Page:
5 Growth Mindset Related Things to Teach Your Kids When They’re Not In School
Whether you’re homeschooling, private schooling or public schooling your kids, instilling a growth mindset in them is something that goes beyond the regular handwriting practice and reading routines.
As we’ve discovered in our earlier posts, growth mindset can be key for a child’s overall mental development and attitude through life.
Here are 5 things you can teach your kids to instill this belief system and mindset in them as part of their after-school learning:
Value Their Effort When They Play a Sport of Colour a Picture
The next time your child plays a game of baseball or brings a picture they’ve coloured for you, don’t laud them with empty praise “You’re the next Picasso” or “You were great on the field”. Instead, praise the effort they’ve made. “You really worked hard on that” or “You tried some new moves this time ”
Ask Them What They Learnt When You Finish Reading with Them
Reading books can be great fun and when you pair it with asking them what they learnt from the books, you can encourage kids to explore and stretch their minds to find meaning and lessons while making it one of the most interesting growth mindset activities. “What did you learn from this?” or “Did you see how [name of character] didn’t give up because the task was too hard?”
Encourage Exploring Complex Puzzles and Applaud Effort, Not Result
Don’t bring out the puzzles that are the easiest, all the time. Instead, encourage kids to stretch their potential and try out the more complicated ones and appreciate their efforts in trying to put them together.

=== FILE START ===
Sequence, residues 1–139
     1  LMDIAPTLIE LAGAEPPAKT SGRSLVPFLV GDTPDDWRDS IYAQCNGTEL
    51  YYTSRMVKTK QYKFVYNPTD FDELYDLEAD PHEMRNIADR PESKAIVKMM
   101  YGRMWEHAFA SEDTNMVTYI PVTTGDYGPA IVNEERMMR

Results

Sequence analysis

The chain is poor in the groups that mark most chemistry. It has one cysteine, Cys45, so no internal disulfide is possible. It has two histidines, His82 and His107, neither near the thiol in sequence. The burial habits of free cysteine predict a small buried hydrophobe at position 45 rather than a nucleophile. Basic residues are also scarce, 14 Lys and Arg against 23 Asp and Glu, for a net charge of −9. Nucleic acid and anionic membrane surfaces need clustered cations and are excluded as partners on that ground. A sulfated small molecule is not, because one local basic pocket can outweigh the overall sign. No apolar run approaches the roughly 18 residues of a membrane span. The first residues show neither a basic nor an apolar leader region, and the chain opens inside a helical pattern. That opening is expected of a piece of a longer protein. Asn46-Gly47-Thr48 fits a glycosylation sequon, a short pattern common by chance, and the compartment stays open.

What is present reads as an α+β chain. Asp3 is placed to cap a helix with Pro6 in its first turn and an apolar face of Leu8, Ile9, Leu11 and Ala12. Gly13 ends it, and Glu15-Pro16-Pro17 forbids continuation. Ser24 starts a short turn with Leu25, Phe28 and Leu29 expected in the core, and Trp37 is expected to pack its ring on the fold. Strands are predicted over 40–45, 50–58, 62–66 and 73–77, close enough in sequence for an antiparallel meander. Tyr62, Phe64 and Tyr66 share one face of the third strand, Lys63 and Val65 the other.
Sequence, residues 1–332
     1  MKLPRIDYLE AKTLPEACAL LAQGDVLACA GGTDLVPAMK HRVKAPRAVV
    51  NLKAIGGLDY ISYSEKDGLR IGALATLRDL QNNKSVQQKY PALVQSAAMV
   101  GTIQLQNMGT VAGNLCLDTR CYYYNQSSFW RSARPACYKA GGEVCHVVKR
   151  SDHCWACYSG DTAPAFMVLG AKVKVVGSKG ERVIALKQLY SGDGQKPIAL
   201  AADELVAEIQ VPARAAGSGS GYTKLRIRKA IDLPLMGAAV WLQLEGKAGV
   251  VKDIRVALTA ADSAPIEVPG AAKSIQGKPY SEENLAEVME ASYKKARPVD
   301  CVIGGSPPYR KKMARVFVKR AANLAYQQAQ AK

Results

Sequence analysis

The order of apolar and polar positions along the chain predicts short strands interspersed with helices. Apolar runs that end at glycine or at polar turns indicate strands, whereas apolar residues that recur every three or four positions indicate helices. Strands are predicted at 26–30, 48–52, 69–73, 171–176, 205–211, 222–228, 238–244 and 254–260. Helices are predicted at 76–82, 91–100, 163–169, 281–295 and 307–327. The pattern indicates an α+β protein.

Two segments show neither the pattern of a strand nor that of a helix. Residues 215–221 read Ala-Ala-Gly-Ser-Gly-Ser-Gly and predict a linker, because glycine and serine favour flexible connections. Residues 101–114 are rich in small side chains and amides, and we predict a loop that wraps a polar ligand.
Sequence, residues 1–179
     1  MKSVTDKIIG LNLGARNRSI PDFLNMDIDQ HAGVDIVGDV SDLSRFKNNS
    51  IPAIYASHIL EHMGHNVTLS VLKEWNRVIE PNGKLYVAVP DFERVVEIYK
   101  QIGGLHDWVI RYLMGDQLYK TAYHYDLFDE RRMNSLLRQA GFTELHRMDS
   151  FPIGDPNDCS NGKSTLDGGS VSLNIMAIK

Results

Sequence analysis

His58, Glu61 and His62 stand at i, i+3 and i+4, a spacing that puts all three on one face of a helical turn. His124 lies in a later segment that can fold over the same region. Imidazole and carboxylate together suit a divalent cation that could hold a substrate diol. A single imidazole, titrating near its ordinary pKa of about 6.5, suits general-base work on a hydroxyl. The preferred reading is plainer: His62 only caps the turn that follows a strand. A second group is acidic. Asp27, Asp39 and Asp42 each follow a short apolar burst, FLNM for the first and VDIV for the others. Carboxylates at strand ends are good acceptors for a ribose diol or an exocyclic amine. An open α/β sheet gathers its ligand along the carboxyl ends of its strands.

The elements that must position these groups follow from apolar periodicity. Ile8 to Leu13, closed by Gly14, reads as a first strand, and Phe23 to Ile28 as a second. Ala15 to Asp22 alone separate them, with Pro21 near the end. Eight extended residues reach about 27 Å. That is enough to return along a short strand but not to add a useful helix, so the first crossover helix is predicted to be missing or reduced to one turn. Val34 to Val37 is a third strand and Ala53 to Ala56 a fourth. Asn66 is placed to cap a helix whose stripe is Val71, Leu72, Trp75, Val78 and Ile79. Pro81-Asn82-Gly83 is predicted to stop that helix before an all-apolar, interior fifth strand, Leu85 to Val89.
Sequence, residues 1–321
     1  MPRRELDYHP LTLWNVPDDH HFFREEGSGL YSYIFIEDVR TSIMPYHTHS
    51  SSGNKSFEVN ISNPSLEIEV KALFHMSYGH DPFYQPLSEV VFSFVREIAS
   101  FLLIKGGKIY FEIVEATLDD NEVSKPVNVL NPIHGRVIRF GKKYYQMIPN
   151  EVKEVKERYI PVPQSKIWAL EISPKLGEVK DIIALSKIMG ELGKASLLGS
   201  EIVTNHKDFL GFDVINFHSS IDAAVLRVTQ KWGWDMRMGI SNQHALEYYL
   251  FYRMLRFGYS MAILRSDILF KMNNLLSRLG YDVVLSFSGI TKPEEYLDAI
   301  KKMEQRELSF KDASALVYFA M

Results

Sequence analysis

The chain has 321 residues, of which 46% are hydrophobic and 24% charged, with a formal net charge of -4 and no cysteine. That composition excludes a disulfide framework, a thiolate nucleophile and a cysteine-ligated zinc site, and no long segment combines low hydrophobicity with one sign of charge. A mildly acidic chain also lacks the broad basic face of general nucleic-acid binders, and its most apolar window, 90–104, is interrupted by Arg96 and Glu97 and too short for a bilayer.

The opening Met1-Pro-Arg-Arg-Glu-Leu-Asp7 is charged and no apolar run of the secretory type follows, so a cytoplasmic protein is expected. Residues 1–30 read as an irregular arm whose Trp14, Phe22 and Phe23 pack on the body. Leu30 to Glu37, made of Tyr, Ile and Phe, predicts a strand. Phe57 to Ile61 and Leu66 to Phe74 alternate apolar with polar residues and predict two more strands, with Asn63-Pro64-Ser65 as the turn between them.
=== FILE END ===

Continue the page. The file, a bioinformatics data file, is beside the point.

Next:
Kids who get used to hearing “you’re smart!” lack the willingness to explore more challenging tasks because for them failure equals to lack of smartness. Instead, raising children who believe that trying hard and making the effort is more important are willing to actually grow their talents and intelligence.
Play Board Games and Help Kids Be Inquisitive About Mistakes
Growth mindset lesson plans can be a s fun as Playing a board game! Watch for opportunities to help children learn from their mistakes and help instill a growth mindset. Instead of trying to sugar coat or tough talk, you need to balance how you help them deal with defeat, errors and obstacles.
Be a Good Growth Mindset Role Model
Finally and most importantly, be a good growth mindset role model and avoid placing labels on yourself “I was never good at math”, for instance.
When at the dinner table, highlight instances where you learnt something by exploring, challenging yourself and asking for help. Ask them what would they want to learn or practice or get better at each week.
In teaching growth mindsets to kids it’s important to encourage the process, rather than merely appreciate the outcome.
Do you share any growth mindset quotes or growth mindset videos with your kids?